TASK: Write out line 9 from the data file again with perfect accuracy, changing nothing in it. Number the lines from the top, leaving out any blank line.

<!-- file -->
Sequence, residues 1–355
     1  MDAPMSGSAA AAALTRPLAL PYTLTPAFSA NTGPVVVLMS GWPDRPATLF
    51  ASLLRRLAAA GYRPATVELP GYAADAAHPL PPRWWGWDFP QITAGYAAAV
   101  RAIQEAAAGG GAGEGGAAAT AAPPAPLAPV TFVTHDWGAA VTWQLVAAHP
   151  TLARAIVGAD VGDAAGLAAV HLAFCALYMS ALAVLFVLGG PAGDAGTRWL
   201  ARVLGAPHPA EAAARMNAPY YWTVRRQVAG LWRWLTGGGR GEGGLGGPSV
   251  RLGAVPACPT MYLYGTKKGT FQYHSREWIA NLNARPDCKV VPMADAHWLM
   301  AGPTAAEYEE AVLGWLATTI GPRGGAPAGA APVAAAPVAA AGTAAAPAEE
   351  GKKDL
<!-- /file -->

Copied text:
   351  GKKDL